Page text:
Beginner's Guide to Spatial, Temporal and Spatial-Temporal Ecological Data Analysis with R-INLA: Volume I Using GLM and GLMM (häftad)
Format
Häftad (Paperback / softback)
Språk
Engelska
Antal sidor
374
Utgivningsdatum
2017-02-28
Förlag
Highland Statistics Ltd
Volymtitel
Volume I Using GLM and GLMM
ISBN
9780957174191
Beginner's Guide to Spatial, Temporal and Spatial-Temporal Ecological Data Analysis with R-INLA: Volume I Using GLM and GLMM (häftad)

Beginner's Guide to Spatial, Temporal and Spatial-Temporal Ecological Data Analysis with R-INLA: Volume I Using GLM and GLMM

Häftad Engelska, 2017-02-28
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In Chapter 2 we discuss an important topic: dependency. Ignoring this means that we have pseudoreplication. We present a series of examples and discuss how dependency can manifest itself. We briefly discuss frequentist tools that are available for the analysis of temporal and spatial data in Chapters 3 and 4, and we will conclude that their application is rather limited, especially if non-Gaussian distributions are required. We will therefore consider alternative models, but these require Bayesian techniques. In Chapter 5 we discuss linear mixed-effects models to analyse hierarchical (i.e. clustered or nested) data, and in Chapter 6 we outline how we add spatial and spatial-temporal dependency to regression models via spatial (and/or temporal) correlated random effects. In Chapter 7 we introduce Bayesian analysis, Markov chain Monte Carlo techniques (MCMC), and Integrated Nested Laplace Approximation (INLA). INLA allows us to apply models to spatial, temporal, or spatial-temporal data. In Chapters 8 through 16 we present a series of INLA examples. We start by applying linear regression and mixed-effects models in INLA (Chapters 8 and 9), followed by GLM examples in Chapter 10. In Chapters 11 through 13 we show how to apply GLM models on spatial data. In Chapter 14 we discuss time-series techniques and how to implement them in INLA. Finally, in Chapters 15 and 16 we analyse spatial-temporal models in INLA.
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Once again, the authors have succeeded in translating a complex subject into a clear and comprehensible text, suitable for any scientist with numerical skills. They introduce the consequences of spatial and temporal correlation on the statistical model and illustrate how to handle them using R and INLA. Thierry Onkelinx, Research Institute for Nature and Forest (INBO), Brussels, Belgium

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Övrig information

Alain F Zuur is senior statistician and director of Highland Statistics Ltd., a statistics consultancy based in the UK. He is the author of ten books on the analysis of ecological data. He has extensive experience teaching statistical methods to ecologists and environmental scientists in academic and non-academic courses worldwide. Elena N Ieno is senior marine biologist at Highland Statistics Ltd. She is the author of eight books on the analysis of ecological data. She teaches data analysis to ecologists and environmental scientists worldwide and is adept at bridging the gap between the two disciplines to dispel the fear of statistics. Anatoly A Saveliev is a professor at the Institute of Ecology and Geography at Kazan Federal State University, Russian Federation, where he teaches GIS and statistics. He also provides consultancy in statistics, GIS and remote sensing, and spatial modelling, and software development in these areas.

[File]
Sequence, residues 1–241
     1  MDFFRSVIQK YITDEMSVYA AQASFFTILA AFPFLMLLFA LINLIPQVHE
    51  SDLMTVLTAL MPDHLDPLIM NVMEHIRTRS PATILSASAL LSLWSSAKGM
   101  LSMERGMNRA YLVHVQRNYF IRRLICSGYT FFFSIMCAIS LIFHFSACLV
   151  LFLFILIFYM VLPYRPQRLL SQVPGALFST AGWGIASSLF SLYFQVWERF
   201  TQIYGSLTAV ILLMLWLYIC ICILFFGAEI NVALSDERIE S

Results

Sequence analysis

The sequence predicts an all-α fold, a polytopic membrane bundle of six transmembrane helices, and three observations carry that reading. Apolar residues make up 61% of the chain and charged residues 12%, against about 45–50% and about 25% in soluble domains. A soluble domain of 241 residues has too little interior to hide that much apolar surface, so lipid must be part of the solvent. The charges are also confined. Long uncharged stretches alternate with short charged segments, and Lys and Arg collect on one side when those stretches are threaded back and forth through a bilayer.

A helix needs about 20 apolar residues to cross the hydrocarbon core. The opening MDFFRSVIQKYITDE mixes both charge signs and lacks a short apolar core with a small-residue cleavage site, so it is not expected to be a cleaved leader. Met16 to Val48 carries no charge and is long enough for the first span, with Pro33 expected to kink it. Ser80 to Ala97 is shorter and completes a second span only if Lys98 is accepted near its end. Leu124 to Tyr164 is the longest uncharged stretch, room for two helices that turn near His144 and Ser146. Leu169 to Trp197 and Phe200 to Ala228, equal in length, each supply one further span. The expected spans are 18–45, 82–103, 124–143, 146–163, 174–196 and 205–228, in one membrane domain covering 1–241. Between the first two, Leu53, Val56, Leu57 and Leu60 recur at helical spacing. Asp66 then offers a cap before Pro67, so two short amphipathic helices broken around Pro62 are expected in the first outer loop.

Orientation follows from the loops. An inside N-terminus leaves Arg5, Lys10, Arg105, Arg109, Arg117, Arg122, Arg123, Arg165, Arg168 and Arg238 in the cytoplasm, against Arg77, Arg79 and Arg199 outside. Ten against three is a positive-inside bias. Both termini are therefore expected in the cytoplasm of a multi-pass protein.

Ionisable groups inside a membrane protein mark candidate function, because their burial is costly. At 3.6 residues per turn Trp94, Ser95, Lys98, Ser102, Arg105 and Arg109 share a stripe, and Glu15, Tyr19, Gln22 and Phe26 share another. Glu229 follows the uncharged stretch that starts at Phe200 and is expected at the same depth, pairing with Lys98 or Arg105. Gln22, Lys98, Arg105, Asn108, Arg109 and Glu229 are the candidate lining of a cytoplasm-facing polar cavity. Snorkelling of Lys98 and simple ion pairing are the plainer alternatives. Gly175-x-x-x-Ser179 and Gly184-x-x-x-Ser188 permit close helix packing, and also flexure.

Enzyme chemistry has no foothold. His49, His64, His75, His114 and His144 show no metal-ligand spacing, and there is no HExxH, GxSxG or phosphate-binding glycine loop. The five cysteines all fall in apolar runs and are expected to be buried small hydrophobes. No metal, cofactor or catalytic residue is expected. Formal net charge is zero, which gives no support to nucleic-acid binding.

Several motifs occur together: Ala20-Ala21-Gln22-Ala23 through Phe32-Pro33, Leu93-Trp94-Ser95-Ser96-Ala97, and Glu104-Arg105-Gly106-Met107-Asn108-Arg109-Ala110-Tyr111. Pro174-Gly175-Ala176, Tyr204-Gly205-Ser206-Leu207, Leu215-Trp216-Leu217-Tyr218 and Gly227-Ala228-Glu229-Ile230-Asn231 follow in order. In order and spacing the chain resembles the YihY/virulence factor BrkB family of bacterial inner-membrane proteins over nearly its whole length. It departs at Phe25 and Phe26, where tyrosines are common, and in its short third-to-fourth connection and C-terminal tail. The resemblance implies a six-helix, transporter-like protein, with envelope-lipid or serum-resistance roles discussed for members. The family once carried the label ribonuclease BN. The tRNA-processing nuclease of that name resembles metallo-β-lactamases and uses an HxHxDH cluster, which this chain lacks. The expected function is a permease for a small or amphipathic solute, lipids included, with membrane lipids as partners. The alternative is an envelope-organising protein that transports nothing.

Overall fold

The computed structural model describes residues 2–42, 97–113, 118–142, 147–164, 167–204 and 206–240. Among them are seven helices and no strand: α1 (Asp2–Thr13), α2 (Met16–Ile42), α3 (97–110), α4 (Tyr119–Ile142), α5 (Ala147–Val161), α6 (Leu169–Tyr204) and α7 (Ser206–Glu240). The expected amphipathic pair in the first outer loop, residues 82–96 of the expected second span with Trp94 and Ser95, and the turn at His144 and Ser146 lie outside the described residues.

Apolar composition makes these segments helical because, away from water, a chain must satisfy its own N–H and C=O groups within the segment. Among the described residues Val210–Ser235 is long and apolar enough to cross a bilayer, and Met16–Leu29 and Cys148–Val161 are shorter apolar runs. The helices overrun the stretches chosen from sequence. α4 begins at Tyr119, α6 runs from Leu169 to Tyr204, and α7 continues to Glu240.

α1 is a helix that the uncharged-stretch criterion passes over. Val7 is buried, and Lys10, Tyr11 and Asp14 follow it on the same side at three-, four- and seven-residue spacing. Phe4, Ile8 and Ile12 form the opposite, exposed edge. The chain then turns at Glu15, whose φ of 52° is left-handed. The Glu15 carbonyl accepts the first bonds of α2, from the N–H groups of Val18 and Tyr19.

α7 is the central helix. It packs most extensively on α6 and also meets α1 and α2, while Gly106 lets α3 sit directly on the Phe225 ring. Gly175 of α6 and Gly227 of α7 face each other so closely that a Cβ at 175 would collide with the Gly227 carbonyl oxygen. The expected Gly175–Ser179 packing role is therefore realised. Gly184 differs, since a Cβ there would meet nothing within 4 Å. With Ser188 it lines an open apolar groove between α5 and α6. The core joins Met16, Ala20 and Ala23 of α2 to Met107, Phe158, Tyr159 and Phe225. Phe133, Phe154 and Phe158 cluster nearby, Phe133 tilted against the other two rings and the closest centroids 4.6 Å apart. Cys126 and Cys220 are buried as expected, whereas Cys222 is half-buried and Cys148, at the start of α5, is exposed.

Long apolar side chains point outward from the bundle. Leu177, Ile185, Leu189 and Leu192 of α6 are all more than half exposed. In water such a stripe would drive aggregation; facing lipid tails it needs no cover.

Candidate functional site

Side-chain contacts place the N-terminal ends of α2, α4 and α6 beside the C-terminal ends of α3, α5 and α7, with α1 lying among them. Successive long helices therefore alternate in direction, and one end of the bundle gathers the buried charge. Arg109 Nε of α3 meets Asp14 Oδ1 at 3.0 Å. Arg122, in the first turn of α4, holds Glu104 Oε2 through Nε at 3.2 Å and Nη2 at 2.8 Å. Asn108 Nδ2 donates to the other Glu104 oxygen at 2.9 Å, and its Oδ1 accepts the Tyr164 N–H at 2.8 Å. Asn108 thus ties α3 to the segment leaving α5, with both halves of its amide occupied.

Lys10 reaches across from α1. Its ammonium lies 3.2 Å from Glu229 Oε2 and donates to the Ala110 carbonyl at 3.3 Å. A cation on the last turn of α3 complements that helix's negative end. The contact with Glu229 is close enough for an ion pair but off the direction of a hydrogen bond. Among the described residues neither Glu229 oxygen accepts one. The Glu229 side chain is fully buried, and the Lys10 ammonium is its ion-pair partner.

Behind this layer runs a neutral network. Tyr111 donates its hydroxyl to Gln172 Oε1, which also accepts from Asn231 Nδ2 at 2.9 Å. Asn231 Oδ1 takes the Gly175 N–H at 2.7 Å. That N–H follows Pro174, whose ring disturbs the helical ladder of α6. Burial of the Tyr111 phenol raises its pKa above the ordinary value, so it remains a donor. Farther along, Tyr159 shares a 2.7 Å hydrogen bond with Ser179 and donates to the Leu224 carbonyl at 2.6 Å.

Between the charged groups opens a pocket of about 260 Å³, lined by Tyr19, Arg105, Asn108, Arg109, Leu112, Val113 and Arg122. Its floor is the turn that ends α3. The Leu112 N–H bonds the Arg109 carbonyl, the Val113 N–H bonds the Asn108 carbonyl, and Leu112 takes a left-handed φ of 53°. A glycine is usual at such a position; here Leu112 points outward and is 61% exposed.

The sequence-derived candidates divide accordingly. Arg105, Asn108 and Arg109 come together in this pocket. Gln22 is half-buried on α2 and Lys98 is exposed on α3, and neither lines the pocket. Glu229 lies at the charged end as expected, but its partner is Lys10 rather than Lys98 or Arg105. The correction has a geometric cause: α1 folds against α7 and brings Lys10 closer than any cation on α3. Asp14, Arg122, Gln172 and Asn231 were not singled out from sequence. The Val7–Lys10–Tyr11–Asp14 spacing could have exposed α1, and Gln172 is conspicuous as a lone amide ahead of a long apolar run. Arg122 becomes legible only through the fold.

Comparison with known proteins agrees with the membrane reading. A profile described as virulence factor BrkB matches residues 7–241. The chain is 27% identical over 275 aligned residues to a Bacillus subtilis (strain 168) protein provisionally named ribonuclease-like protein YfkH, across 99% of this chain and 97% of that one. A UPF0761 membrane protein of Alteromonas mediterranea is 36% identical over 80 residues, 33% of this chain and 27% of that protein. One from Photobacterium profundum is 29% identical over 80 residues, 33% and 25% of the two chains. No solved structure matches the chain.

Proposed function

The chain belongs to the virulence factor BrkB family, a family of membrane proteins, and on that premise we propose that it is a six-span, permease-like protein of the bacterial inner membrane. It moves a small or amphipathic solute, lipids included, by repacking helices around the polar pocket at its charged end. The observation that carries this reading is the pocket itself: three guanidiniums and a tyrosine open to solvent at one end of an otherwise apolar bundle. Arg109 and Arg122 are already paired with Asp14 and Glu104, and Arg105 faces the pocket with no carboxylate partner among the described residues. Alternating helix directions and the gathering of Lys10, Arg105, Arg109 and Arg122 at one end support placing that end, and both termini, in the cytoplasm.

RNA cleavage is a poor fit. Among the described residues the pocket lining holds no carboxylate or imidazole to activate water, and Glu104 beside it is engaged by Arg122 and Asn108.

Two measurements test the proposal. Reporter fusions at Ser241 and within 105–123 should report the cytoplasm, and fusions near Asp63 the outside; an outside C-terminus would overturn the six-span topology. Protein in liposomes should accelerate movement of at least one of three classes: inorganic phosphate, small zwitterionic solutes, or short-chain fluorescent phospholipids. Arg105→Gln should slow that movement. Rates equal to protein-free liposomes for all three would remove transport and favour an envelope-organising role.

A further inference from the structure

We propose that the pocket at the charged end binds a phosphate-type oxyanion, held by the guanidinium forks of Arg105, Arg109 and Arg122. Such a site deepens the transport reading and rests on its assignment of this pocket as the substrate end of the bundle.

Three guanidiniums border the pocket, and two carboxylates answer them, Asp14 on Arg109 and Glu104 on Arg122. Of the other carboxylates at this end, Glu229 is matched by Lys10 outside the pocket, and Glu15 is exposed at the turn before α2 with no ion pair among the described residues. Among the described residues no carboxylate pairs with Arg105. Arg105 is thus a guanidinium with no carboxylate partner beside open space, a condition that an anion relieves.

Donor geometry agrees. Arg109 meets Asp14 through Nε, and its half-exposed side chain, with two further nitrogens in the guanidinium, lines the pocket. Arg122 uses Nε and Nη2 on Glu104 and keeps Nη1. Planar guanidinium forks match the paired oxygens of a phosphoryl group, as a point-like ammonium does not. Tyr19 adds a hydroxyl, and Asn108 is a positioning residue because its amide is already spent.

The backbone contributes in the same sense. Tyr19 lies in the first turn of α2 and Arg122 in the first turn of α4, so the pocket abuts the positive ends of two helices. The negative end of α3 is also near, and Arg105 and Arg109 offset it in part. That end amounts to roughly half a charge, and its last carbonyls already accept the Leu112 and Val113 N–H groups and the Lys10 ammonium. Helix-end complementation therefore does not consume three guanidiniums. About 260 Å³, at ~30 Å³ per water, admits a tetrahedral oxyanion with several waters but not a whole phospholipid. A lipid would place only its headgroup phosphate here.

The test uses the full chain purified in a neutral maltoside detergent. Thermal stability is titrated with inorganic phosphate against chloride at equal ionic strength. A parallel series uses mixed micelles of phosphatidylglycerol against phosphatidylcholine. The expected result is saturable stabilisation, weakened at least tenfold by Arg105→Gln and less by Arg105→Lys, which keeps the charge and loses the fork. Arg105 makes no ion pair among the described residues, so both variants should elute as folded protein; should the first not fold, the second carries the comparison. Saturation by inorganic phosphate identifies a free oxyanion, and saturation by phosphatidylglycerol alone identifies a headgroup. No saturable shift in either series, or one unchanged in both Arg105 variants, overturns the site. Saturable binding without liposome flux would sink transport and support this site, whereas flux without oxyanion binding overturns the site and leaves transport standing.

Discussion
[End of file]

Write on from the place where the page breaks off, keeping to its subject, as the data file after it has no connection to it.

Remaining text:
Innehållsförteckning

1 OVERVIEW OF THIS BOOK 1 1.1 VOLUMES I AND II 1 1.1.1 Volume I 1 1.1.2 Volume II 1 1.2 WHAT TYPE OF SPATIAL DATA DO WE ANALYSE IN THIS BOOK? 1 1.2.1 Areal and lattice data 1 1.2.2 Geostatistical data 2 1.2.3 Spatial point pattern data 3 1.3 OUTLINE OF THIS BOOK 3 1.4 PREREQUISITES 4 1.5 AVAILABILITY OF R CODE AND DATA 4 2 RECOGNISING STATISTICAL DEPENDENCY 5 2.1 PSEUDOREPLICATION 5 2.2 LINEAR REGRESSION APPLIED TO SPATIAL DATA 7 2.2.1 Irish pH data 7 2.2.2 Protocol from Zuur et al. (2016) 8 2.2.3 Visualisation of the experimental design 9 2.2.4 Data exploration 9 2.2.5 Dependency 12 2.2.6 Statistical model 15 2.2.7 Fit the model 16 2.2.8 Model validation 17 2.3 GAM APPLIED TO TEMPORAL DATA 21 2.3.1 Subnivium temperature data 21 2.3.2 Sources of dependency 22 2.3.3 The model 23 2.3.4 Model validation 24 2.4 GLMM APPLIED ON HIERARCHICAL AND SPATIAL DATA 26 2.5 TECHNICALITIES 28 2.5.1 Matrix notation 28 2.5.2 How is dependency causing problems? 31 2.6 DISCUSSION 32 3 TIME SERIES AND GLS 33 3.1 OSPREYS 33 3.2 COVARIANCE AND CORRELATION COEFFICIENTS 33 3.3 LINEAR REGRESSION MODEL 35 3.4 FOCUSSING ON THE RESIDUAL COVARIANCE MATRIX 35 3.5 DEPENDENCY AND THE COVARIANCE MATRIX 36 3.6 GLS: DEALING WITH TEMPORAL DEPENDENCY 39 3.6.1 Adelie penguins 39 3.6.2 Do we have dependency? 40 3.6.3 Formulation of the linear regression model 40 3.6.4 Application of the linear regression model 41 3.6.5 R code for acf and variogram 45 3.6.6 Formulation of the GLS model 46 3.6.7 Implementation using the gls function 50 3.7 MULTIPLE TIME SERIES 51 3.8 DISCUSSION 53 4 SPATIAL DATA AND GLS 55 4.1 VARIOGRAM MODELS FOR SPATIAL DEPENDENCY 55 4.2 APPLICATION ON THE IRISH PH DATA 57 4.3 MATERN CORRELATION FUNCTION 59 5 LINEAR MIXED EFFECTS MODELS AND DEPENDENCY 61 5.1 WHITE STORKS 61 5.2 CONSIDERING THE DATA (WRONGLY) AS ONE-WAY NESTED 62 5.3 FITTING THE ONE-WAY NESTED MODEL USING LMER 65 5.4 MODEL VALIDATION 67 5.5 SKETCHING THE FITTED VALUES 68 5.6 CONSIDERING THE DATA (CORRECTLY) AS TWO-WAY NESTED 69 5.7 APPLICATIONS TO SPATIAL AND TEMPORAL DATA 72 5.8 DIFFERENCE WITH THE AR1 PROCESS APPROACH 72 6 MODELLING SPACE EXPLICITLY 73 6.1 MODEL FORMULATION 73 6.2 COVARIANCE MATRIX OF THE SPATIAL RANDOM EFFECT 75 6.3 SPATIAL-TEMPORAL CORRELATION* 79 7 INTRODUCTION TO BAYESIAN STATISTICS 83 7.1 WHY GO BAYESIAN? 83 7.2 GENERAL PROBABILITY RULES 84 7.3 THE MEAN OF A DISTRIBUTION* 85 7.4 BAYES' THEOREM AGAIN 87 7.5 CONJUGATE PRIORS 88 7.6 MARKOV CHAIN MONTE CARLO SIMULATION 93 7.6.1 Underlying idea 93 7.6.2 Installing JAGS and R2jags 94 7.6.3 Flowchart for running a model in JAGS 94 7.6.4 Preparing the data for JAGS 95 7.6.5 JAGS code 96 7.6.6 Initial values and parameters to save 98 7.6.7 Running JAGS 99 7.6.8 Accessing numerical output from JAGS 100 7.6.9 Assess mixing 100 7.6.10 Posterior information 101 7.7 INTEGRATED NESTED LAPLACE APPROXIMATION* 103 7.7.1 Joint posterior distribution 103 7.7.2 Marginal distributions 105 7.7.3 Back to high school 107 7.7.4 INLA 109 7.8 EXAMPLE USING R-INLA 110 7.9 DISCUSSION 114 8 MULTIPLE LINEAR REGRESSION IN R-INLA 115 8.1 INTRODUCTION 115 8.2 DATA EXPLORATION 116 8.3 MODEL FORMULATION 117 8.4 LINEAR REGRESSION RESULTS 117 8.4.1 Executing the model in R-INLA 117 8.4.2 Output for the betas 117 8.4.3 Output for the hyper-parameters 119 8.4.4 Fitted model 123 8.5 MODEL VALIDATION 123 8.6 MODEL SELECTION 126 8.6.1 Should we do it? 126 8.6.2 Using the DIC 126 8.6.3 Out of sample prediction 131 8.6.4 Posterior predictive check 133 8.7 VISUALISING THE MODEL 135 9 MIXED EFFECTS MODELLING IN R-INLA TO ANALYSE OTOLITH DATA 139 9.1 OTOLITHS IN PLAICE 139 9.2 MODEL FORMULATION 140 9.3 DEPENDENCY 140 9.4 DATA EXPLORATION 141 9.5 RUNNING THE MODEL IN R-INLA 143 9.6 MODEL VALIDATION 146 9.7 MODEL SELECTION 149 9.8 MODEL INTERPRETATION 149 9.8.1 Option 1 for prediction: Adding extra data 150 9.8.2 Option 2 for prediction: Using the inla.make.lincombs 153 9.8.3 Adding extra data or inla.make.lincombs? 155 9.9 MULTIPLE RANDOM EFFECTS 155